The Diversity and Equity Center: A history of cultural welcome 

Kaitlin Cunningham, Staff Writer 

 

The Diversity and Equity Center (DEC), is located on the second floor of Harned Hall on the Saint Martin’s campus. The furnishings of the center consist of a table, some chairs, and a whiteboard with fun drawings or sayings left by students. Art created by members of the DEC adorns the walls, and a room in the back serves as the office for the Director of Diversity and Equity, John Hopkins, Ph.D. 

The DEC sprouted from a need to represent the diverse student body and their many varied cultures. 

During its brief time on campus, the DEC has changed a lot. It first opened its doors in 2017, as a place where students could learn about, and connect with others from different backgrounds and identities. 

In an interview, Hopkins spoke a little about his journey with the center beginning in 2006, when his title was Director of Cultural Initiatives. “Somewhere around 2011, I moved to the Associate Dean level and my title was the Director of service and Diversity Initiatives,” said Hopkins. “… the DEC really came about as the students on campus needed a place to share their cultures and feel safe.”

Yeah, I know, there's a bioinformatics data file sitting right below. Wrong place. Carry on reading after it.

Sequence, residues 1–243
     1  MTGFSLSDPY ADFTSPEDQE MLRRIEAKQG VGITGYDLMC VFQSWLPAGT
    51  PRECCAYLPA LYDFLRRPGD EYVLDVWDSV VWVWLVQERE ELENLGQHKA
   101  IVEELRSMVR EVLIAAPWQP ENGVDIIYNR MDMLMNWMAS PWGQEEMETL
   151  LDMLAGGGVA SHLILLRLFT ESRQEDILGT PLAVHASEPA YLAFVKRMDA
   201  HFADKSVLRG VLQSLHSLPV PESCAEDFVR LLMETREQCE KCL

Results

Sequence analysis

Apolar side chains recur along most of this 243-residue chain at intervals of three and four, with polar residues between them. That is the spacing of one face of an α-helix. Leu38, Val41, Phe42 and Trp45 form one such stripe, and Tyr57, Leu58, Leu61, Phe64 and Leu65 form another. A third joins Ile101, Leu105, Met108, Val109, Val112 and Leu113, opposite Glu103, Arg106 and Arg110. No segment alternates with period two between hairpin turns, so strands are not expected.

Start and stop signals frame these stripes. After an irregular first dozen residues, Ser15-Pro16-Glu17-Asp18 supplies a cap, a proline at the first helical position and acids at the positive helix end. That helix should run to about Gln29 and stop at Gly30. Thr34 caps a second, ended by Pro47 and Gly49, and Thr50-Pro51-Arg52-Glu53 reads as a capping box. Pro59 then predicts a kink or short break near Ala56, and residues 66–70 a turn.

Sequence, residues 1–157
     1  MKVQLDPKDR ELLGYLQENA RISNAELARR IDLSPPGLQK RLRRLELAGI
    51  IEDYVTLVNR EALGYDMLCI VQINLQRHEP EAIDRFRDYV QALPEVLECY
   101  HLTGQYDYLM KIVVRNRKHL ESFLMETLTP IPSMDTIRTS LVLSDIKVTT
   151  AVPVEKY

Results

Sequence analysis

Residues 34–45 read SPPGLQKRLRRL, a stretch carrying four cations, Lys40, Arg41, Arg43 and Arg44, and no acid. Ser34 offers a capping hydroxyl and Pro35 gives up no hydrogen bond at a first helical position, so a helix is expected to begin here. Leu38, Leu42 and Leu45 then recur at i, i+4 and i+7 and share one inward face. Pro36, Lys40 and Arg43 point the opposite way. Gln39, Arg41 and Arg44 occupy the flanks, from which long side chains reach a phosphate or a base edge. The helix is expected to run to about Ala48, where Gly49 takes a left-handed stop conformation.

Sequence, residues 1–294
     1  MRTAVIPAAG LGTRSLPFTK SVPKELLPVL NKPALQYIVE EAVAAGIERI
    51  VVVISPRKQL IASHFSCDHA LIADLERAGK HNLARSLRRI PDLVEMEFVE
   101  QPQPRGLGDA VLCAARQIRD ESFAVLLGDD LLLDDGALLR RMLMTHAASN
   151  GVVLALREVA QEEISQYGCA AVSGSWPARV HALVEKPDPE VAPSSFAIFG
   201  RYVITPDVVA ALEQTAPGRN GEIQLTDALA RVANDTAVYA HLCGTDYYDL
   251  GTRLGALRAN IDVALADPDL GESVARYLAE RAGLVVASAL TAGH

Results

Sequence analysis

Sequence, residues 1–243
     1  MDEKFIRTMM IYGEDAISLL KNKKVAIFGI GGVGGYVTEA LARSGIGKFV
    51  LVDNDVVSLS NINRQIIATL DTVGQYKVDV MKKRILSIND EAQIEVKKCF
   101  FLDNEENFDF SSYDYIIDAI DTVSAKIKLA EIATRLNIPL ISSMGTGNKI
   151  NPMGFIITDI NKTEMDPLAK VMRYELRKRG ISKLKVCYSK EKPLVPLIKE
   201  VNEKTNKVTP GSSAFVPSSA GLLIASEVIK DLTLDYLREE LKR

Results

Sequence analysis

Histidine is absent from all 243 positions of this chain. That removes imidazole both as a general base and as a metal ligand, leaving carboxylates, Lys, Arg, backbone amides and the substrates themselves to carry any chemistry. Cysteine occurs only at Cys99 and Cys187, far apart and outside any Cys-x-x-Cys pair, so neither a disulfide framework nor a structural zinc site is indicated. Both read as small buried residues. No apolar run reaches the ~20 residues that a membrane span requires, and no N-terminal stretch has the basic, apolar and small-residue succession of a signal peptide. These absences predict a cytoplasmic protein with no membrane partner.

The most prominent program provided by the DEC is the African-American/Black, Hispanix/Latinx, Asain-Pacific Islander, Native American (AHANA) Connections orientation session, which can be found through the Saint Martin’s website. The purpose of the orientation is to ease the college transition for students of color. This is done by helping them form connections in the community and feel at home on campus. 

“One purpose of the DEC is to be a place where students who are underrepresented can come make and find community,” said Hopkins. 

With 59 percent of Saint Martin’s students identifying as ethnically diverse, there is certainly a need for spaces where students can form cultural connections. The DEC aims to be that space by serving as a common area for all, but specifically those who may be transfer or foreign exchange students, or those who come from multicultural home environments. 

As a place where students can gather and create community, the DEC exemplifies some of the key Benedictine values that Saint Martin’s strives to achieve.  Hopkins emphasized that the center is intended to be a safe space for all groups of students, and that he strives to provide that open environment in which students can interact with one another in a fun and relaxed way.

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